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  • Home >> Freeware >> Beginner’s Guide to FTP

    Beginner’s Guide to FTP

    This is a guest post by Cathy Pierce. If you would like to write for NiharsWorld, check our guest posting guidelines.


    File transfer protocol (FTP) is the process that transfers information from one location to another via the Internet. For most basic users, FTP transfers coded web pages to website servers. If you aren’t familiar with the process, read the following information.

    Start With an FTP Client

    Before you can start transferring files, you need an FTP client. This is the user interface you use to locate the files you want to upload or download. You have several options when it comes to your FTP client, but you may want to consider FileZilla. As a free and open source program, it can handle your transfer needs without emptying your bank account. The user interface is basic enough that a beginner can understand the functions without needing an in-depth tutorial; however, you can find several guides online if you want help.
    Beginner's Guide to FTP

    Know the Basic Information

    Downloading an FTP program is just the first step. Once you have the program in place and running, you need to provide information so the program can set up a secure account to transfer your files. Usually, your web-hosting firm will provide the information you need. Most basic FTP programs will need the following things:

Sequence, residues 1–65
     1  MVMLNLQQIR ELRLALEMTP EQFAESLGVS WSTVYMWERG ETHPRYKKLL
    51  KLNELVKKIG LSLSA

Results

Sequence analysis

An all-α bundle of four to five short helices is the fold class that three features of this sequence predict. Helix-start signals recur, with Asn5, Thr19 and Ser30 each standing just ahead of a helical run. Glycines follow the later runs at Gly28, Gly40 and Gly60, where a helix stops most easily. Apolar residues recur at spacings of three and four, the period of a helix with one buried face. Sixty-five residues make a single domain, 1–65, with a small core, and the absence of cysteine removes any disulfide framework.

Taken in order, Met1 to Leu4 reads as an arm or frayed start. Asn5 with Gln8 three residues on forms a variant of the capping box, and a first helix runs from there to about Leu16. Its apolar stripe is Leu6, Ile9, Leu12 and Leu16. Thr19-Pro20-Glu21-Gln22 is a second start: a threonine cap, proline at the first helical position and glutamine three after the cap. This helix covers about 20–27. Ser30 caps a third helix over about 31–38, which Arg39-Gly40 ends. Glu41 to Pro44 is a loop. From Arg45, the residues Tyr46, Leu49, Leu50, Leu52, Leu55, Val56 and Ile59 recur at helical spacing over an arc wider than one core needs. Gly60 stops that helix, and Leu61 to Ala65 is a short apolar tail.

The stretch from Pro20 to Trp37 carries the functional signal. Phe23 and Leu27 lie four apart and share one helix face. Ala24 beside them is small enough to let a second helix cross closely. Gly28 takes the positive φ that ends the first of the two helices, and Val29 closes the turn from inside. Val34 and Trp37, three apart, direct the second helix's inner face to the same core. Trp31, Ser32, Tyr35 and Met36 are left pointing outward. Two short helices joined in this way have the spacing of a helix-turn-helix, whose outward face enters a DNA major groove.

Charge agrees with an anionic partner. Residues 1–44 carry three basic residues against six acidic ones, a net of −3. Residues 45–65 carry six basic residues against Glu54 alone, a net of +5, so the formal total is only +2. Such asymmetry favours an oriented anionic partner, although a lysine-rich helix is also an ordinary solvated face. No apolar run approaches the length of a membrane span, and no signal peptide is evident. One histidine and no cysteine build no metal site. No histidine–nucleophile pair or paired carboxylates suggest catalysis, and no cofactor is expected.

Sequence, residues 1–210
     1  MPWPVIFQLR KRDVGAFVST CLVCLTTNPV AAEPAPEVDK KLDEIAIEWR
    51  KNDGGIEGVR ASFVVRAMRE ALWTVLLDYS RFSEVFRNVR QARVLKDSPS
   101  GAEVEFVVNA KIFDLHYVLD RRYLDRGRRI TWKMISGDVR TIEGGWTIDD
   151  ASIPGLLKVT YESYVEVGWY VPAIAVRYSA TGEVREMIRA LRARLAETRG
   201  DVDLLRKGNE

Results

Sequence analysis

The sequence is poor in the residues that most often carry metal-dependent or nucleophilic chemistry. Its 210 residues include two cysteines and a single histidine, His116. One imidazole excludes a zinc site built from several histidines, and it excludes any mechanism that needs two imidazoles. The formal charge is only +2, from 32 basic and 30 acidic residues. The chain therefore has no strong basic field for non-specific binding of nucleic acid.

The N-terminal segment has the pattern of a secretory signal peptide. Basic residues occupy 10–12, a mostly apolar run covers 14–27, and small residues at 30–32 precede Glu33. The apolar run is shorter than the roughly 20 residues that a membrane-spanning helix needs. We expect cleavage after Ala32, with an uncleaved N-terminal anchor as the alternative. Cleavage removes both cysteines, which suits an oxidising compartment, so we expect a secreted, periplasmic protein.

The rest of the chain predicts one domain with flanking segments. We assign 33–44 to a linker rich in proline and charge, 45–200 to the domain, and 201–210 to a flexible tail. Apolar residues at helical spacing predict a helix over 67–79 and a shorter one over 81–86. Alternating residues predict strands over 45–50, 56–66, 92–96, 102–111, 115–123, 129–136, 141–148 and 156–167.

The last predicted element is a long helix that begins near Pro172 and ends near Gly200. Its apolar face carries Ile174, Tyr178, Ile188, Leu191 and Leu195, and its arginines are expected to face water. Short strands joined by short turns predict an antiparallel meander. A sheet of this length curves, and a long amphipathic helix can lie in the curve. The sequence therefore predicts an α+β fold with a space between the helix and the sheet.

• The Profile Name: This is a unique name that allows you to recognize the FTP software.
    • The Host Name: This tells the FTP client what server to connect to for transfers. Most hosts use a host name similar to your domain name. For example, the FTP host name for BusinessTips.com might be ftp.businesstips.com. For added security, some hosts will use the IP address.
    • Login Information: This usually consists of a user name and password. You may have created both of these when you signed up with your host, or the host may have assigned the information automatically.

    Usually, this information will be enough to establish the connection between the two computers, but some programs may have additional set-up options.

    Transferring Files

    Once you setup the FTP client, you can connect to your server. Then, locate the files on one side of the FTP client and transfer them to the other side. Each side will represent one of the computers that the client is connecting via the Internet. FTP clients may have different features designed to improve or speed up the file transferring process. Once you become familiar with your FTP client’s user interface, you can begin to explore these advanced features.

    Advanced Options

    Once you understand how an FTP client works, you may decide that you want to establish an FTP server. Clients can logon to your server and download files you have added to the server’s directory. Most people who decide to do this use a third-party program to help set up the server so it will require users to enter login information prior to accessing any files you have saved to it.

    Most FTP clients aim to handle the back end of file transferring so you can easily accomplish your goal of moving information from one computer to another. The more familiar you become with FTP, the easier it will be to use the program for a variety of purposes.

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